Completing the Accounting Cycle

This chapter will explain the steps required to complete the accounting cycle. This includes understanding the full accounting information cycle, and what is used to create the financial statements that will be provided to required and interested stakeholders. The accounting cycle happens every month for most companies, and requires distinct steps and cutoffs in order to create useful, consistent financial reports that managers can use to make decisions that improve the performance of the company. On a quartery and annual basis, financial statements are created for outside stakeholders as well.

Analyzing and using the financial results – the current ratio

The current ratio indicates the short-term debt-paying ability of a company. To find the current ratio, we divide current assets by current liabilities. For instance, Exhibit 26 shows that The Home Depot's current assets as of 2001 January 28, were USD 7,777,000,000 and its current liabilities were USD $4,385,000,000$. Thus, its current ratio was: $\text{Current ratio} =\frac{\text { Current assets }}{\text { Current liabilities }}$ $\frac{\operatorname{USD} 7,777,000,000}{\operatorname{USD} 4,385,000,000}=1.77: 1$.

The current ratio of 1.77:1 for The Home Depot means that it has almost twice as many current assets as current liabilities. Because current liabilities are normally paid with current assets, the company appears to be able to pay its short-term obligations easily.

In evaluating a company's short-term debt-paying ability, you should also examine the quality of the current assets. If they include large amounts of uncollectable accounts receivable and/or obsolete and unsalable inventory, even a 2:1 current ratio may be inadequate to allow the company to pay its current liabilities. The Home Depot undoubtedly does not have such a problem.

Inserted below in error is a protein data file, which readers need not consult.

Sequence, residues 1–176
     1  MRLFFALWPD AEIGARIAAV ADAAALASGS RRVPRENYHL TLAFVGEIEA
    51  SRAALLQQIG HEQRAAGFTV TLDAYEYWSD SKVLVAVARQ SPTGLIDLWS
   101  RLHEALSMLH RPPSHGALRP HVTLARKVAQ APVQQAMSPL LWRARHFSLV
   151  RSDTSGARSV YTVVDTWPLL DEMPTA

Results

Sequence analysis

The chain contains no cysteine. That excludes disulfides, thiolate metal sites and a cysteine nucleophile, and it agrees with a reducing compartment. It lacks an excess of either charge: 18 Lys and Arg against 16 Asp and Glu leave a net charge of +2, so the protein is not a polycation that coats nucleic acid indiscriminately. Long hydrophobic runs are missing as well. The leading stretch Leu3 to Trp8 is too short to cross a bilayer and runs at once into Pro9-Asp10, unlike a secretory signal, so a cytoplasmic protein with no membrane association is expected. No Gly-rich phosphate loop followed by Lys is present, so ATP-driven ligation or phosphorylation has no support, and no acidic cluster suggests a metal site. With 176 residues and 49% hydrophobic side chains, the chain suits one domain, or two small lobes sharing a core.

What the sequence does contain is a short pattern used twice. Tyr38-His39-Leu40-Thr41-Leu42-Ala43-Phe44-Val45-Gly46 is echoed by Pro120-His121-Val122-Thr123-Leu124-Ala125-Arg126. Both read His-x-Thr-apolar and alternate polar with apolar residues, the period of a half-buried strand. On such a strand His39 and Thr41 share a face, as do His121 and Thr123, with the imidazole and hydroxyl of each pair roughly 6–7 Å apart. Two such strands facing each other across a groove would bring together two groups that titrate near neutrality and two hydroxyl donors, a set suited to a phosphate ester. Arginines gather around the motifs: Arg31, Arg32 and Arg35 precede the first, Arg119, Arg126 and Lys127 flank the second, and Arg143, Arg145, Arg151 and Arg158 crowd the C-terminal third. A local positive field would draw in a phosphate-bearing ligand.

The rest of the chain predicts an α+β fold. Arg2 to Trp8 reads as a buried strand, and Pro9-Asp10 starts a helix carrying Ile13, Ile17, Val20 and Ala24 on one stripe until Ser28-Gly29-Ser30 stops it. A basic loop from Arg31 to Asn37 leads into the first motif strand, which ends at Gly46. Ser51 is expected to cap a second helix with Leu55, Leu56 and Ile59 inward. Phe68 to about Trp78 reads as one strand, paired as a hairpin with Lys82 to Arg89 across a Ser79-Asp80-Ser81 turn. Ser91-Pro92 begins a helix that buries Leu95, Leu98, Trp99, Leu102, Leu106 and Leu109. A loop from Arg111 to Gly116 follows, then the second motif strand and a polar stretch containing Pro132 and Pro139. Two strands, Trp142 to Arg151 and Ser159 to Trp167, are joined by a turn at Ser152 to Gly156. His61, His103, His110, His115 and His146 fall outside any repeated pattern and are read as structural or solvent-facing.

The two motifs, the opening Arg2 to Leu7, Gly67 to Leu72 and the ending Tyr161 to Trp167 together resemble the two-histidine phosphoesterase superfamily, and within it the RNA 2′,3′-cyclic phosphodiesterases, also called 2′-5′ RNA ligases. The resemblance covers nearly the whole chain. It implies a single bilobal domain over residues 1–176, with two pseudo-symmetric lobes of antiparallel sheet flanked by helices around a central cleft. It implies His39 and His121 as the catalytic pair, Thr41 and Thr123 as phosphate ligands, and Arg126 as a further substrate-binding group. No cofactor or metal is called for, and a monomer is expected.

The current assets, current liabilities, and current ratios of some other companies as of the third quarter of 2001 were:

Current Company Current Assets Current Liabilities Ratio
Wal-Mart Stores, Inc. $32,620,000,000$ 32,869,000,000 .99:1
Hewlett-Packard Company 15,782,000,000 13,950,000,000 1.13:1
3M Corporation 6,556,000,000 5,006,000,000 1.31:1
General Electric Company 313,050,000,000
168,788,000,000 1.85:1
Johnson & Johnson 19,079,000,000 7,504,000,000 2.54:1

We described each of these companies earlier in the text.

As you can see from these comparisons, the current ratios vary a great deal. An old rule of thumb is that the current ratio should be at least 2:1. However, what constitutes an adequate current ratio depends on available lines of credit, the cash-generating ability of the company, and the nature of the industry in which the company operates. For instance, companies in the airline industry are able to generate huge amounts of cash on a daily basis and may be able to pay their current liabilities even if their current ratio is less than 1:1. Comparing a company's current ratio with other companies in the same industry makes sense because all of these companies face about the same economic conditions. A company with the lowest current ratio in its industry may be unable to pay its short-term obligations on a timely basis, unless it can borrow funds from a bank on a line of credit. A company with the highest current ratio in its industry may have on hand too many current assets, such as cash and marketable securities, which could be invested in more productive assets.

The next chapter describes the assumptions, concepts, and principles that constitute the accounting theory underlying financial accounting. Thus, accounting theory dictates the standards and procedures applied to the reporting of financial information in the financial statements.